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Proton pump inhibitor-therapy refractory gastro-oesophageal reflux disease patients, who are they?
  1. Albert J Bredenoord1,
  2. John Dent2
  1. 1Dept of Gastroenterology, Sint Antonius Hospital, Nieuwegein, the Netherlands
  2. 2Royal Adelaide Hospital, Department of Gastroenterology, Adelaide, Australia
  1. Correspondence to:
    A J Bredenoord
    M.D., Dept of Gastroenterology, St. Antonius Hospital, PO Box 2500, 3430 EM Nieuwegein, the Netherlands;a.bredenoord{at}

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In a recent version of Gut, Mainie and colleagues report on patients with persistent symptoms despite acid suppressive therapy.1 This is often presented as a considerable problem and impedance seems useful in the evaluation of these patients. The importance of the phenomenon of proton pump inhibitor(PPI)-refractory symptoms is also stressed in studies in which the need for a new anti-reflux drug is propagated. However, we think some caution is appropriate when speaking of PPI-refractory gastro-oesophageal reflux disease (GORD) symptoms, in particular when it is decided that new reflux-inhibiting drugs are warranted to treat the “PPI-resistant reflux symptoms”.

Firstly, the term PPI-resistant GORD is often used for patients that are not fully investigated, particularly with regard to the question whether their symptoms truly originate from reflux of gastric contents. Indeed, what are judged “reflux symptoms” does not necessarily imply that these are due to GORD, as they may also occur in conditions such as functional heartburn and functional dyspepsia. Reduction of reflux episodes with a new drug will not result in symptom reduction in these latter patients.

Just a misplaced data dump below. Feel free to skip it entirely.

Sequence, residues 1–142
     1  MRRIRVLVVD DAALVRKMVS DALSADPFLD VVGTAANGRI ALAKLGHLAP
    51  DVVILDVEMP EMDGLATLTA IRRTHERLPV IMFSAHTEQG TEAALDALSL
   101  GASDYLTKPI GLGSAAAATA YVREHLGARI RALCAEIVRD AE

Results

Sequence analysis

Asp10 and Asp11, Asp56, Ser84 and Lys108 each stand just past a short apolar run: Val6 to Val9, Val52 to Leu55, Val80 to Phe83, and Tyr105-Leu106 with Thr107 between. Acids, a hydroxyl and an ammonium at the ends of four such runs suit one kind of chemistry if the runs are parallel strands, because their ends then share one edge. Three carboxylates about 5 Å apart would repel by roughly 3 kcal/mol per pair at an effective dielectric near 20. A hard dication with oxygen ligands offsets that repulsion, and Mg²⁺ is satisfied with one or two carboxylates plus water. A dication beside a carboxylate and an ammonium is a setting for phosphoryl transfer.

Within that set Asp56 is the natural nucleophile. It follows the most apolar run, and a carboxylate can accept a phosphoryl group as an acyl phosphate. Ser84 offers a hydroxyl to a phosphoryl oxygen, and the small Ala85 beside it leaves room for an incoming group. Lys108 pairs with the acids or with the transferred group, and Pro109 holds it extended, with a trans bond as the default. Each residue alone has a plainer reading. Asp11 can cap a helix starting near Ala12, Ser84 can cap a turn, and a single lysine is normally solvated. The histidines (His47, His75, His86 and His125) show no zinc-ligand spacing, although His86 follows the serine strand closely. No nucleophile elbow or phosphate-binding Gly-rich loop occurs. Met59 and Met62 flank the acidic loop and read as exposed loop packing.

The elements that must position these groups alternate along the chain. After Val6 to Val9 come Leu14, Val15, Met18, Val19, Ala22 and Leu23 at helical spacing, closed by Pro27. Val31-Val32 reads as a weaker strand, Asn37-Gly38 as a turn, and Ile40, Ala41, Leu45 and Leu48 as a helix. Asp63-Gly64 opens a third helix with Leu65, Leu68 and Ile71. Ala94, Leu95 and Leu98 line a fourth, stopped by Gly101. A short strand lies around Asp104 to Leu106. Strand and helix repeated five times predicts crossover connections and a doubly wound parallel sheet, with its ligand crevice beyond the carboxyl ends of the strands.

Secondly, when one has ascertained that a patient’s symptoms are indeed caused by gastro-oesophageal reflux, it is pivotal to treat the patient for a sufficient period of time. The effect of a PPI on acid secretion is within days but due to acid-induced oesophageal hypersensitivity the number of responders seems to increase for up to 8 or even 12 weeks of acid suppressive treatment.2,3 Compliance to drug intake may be an issue when symptoms do not resolve immediately after onset of therapy. When symptoms persist even after a sufficiently long treatment period, either the drug does not adequately inhibit acid secretion and a higher dose is required, or the symptoms are induced by weak levels of acid (above pH 4), or the non-acid component of the reflux in which the only option would be a reduction of reflux episodes (by pharmacotherapeutical or surgical means).4 These patients are the ones that can be identified by impedance monitoring as Mainie et al. show in their study. These are also the patients that would benefit from a future reflux-reducing drug.

We conclude that a critical approach is required when symptoms do not respond adequately to PPI therapy in suspected GORD patients. The true number of PPI-refractory GORD patients is likely to be overestimated.


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  • Competing interest: None.

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